JavaScript or SQL injection attacks in the Node.js platform?

By: (plus.google.com) +David Herron; Date: 2011-12-21 14:24

Tags: JavaScript » Node.JS » JavaScript Injection

Traditionally the server side of web applications has been written in PHP, Perl, Python, Java, C/C++, etc. Javascript traditionally was implemented only in web browsers, and hence Javascript programming has been almost completely focused on the client end of web application development. It's arguably better to have the same programming language on both client and server sides of web application development, maybe. Several attempts have been made to implement javascript for server side web application development. A new javascript stack, Node.JS, is getting a lot of attention.

Alex Popescu writes about some having started to ponder how safe Node.js based servers are against injection attacks.  Traditionally injection attacks were targeting SQL commands being constructed from web queries, and various forms of cross site javascript injection attacks.  The cure for these attacks is to use a robust content filtering system as well as to follow sound software engineering practices.  But many Node.js tutorials and even some live systems apparently have injection attack vulnerabilities.

He refers to a paper by Bryan Sullivan (Senior Security Researcher, Adobe Secure Software Engineering Team) which goes over some Node.js examples of JavaScript injection into server side javascript.

He provides this example which he says is supposedly common practice for dealing with incoming JSON data:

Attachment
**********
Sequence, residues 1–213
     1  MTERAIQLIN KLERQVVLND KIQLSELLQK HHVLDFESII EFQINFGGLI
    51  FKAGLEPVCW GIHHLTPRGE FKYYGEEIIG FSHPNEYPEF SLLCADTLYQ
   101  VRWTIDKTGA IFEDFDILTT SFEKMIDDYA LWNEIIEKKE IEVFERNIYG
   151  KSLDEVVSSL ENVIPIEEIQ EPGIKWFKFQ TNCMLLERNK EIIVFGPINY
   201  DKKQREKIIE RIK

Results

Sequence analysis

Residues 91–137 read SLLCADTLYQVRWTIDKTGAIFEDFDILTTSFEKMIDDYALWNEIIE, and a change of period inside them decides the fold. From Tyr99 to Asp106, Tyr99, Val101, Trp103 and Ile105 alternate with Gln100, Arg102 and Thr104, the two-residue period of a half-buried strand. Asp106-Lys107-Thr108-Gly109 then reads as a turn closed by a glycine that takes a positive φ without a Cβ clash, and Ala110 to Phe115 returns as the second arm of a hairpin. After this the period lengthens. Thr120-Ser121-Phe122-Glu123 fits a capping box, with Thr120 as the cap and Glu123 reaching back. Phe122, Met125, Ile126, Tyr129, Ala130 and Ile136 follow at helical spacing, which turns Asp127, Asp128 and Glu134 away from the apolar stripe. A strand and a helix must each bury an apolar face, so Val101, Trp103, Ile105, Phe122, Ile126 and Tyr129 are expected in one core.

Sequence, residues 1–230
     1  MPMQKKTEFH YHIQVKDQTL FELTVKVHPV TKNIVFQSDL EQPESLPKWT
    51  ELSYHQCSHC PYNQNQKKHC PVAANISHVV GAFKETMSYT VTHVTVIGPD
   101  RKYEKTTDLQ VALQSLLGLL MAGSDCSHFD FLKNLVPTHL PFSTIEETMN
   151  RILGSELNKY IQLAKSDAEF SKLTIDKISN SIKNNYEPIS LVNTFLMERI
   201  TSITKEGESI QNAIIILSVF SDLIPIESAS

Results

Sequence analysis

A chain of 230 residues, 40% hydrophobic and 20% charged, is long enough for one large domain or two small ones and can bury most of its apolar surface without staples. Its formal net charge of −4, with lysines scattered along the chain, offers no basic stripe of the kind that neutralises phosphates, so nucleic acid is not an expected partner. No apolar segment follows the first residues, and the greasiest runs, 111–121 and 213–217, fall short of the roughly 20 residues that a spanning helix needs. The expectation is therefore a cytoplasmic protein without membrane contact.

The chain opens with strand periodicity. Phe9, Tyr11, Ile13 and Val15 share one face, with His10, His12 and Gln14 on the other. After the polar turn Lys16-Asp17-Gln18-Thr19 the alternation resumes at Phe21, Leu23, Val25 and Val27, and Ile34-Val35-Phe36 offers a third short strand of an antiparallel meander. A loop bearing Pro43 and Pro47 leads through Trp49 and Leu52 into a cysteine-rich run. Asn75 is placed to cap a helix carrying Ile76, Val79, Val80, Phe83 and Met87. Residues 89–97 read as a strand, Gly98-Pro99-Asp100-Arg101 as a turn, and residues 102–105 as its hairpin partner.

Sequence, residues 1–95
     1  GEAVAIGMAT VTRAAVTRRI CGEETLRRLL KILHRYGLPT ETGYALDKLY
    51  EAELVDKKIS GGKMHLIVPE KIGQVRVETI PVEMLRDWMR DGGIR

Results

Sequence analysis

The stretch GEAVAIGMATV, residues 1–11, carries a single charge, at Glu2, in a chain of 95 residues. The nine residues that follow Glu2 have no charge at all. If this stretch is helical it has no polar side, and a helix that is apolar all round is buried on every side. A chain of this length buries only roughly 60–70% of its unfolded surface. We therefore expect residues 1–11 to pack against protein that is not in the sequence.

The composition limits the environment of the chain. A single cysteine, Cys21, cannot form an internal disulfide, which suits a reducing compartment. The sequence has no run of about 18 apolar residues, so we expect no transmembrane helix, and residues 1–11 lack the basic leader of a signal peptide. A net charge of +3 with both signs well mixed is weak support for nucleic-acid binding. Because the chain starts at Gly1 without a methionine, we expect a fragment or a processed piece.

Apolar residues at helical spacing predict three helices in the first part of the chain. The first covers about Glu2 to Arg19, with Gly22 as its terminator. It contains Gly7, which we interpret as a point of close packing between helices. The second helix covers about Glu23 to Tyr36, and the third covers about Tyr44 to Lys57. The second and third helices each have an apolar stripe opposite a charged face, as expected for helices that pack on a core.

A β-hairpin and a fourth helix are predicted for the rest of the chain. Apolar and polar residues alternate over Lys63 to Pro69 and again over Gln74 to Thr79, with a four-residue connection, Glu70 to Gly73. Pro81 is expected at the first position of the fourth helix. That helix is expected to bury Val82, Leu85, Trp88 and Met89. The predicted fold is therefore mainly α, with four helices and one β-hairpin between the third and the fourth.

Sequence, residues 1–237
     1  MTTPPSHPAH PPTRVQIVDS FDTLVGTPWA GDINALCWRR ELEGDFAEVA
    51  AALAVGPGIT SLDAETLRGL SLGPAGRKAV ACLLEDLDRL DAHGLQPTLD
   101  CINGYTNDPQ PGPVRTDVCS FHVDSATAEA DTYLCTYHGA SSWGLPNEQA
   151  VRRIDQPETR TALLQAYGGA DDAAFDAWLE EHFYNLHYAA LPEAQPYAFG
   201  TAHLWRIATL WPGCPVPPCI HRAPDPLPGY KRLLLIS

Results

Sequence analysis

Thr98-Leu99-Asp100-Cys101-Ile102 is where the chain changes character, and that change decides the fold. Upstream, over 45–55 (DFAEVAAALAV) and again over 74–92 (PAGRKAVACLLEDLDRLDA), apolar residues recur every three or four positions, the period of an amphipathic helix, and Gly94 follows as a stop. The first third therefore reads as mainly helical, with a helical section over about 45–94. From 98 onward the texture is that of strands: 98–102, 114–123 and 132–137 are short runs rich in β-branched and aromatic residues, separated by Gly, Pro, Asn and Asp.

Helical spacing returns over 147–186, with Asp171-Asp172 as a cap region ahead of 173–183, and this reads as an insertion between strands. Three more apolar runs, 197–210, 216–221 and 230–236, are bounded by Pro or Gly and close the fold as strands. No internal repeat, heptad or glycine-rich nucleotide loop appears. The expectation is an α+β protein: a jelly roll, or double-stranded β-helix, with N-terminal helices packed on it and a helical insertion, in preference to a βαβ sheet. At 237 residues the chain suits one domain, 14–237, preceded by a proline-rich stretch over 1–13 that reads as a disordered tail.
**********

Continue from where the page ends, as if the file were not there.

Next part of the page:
var http = require('http');
http.createServer(function (request, response) {
    if (request.method === 'POST') {
        var data = '';
        request.addListener('data', function(chunk) {
            data += chunk;
        });
        request.addListener('end', function() {
            var stockQuery = eval("(" + data + ")");
            getStockPrice(stockQuery.symbol);
        });
    ...

The key vulnerability is the use of eval() to convert the JSON data string into an object.  Of course that's a bad idea because it lets JavaScript code execute in the server context, and an attacker could send any sort of JavaScript code in data that's supposed to be JSON.  Obviously it's much safer to use JSON.parse rather than eval() but apparently some code is using eval().

For example an attacker could launch a simple denial of service by sending while(1) { } as the data that's supposed to be JSON.

Bryan Sullivan's paper goes on to talk about injecting JavaScript into a NoSQL database via this same sort of vulnerability.  He ends with these suggestions:

  • Avoid creating “ad-hoc” JavaScript commands by concatenating script with user input.
  • Validate user input used in SSJS commands with regular expressions.
  • Avoid use of the JavaScript eval command. In particular, when parsing JSON input, use a safer alternative such as JSON.parse.

(nosql.mypopescu.com) http://nosql.mypopescu.com/post/14453905385/attacking-nosql-and-node-js-server-side-javascript

(media.blackhat.com) https://media.blackhat.com/bh-us-11/Sullivan/BH_US_11_Sullivan_Server_Side_WP.pdf

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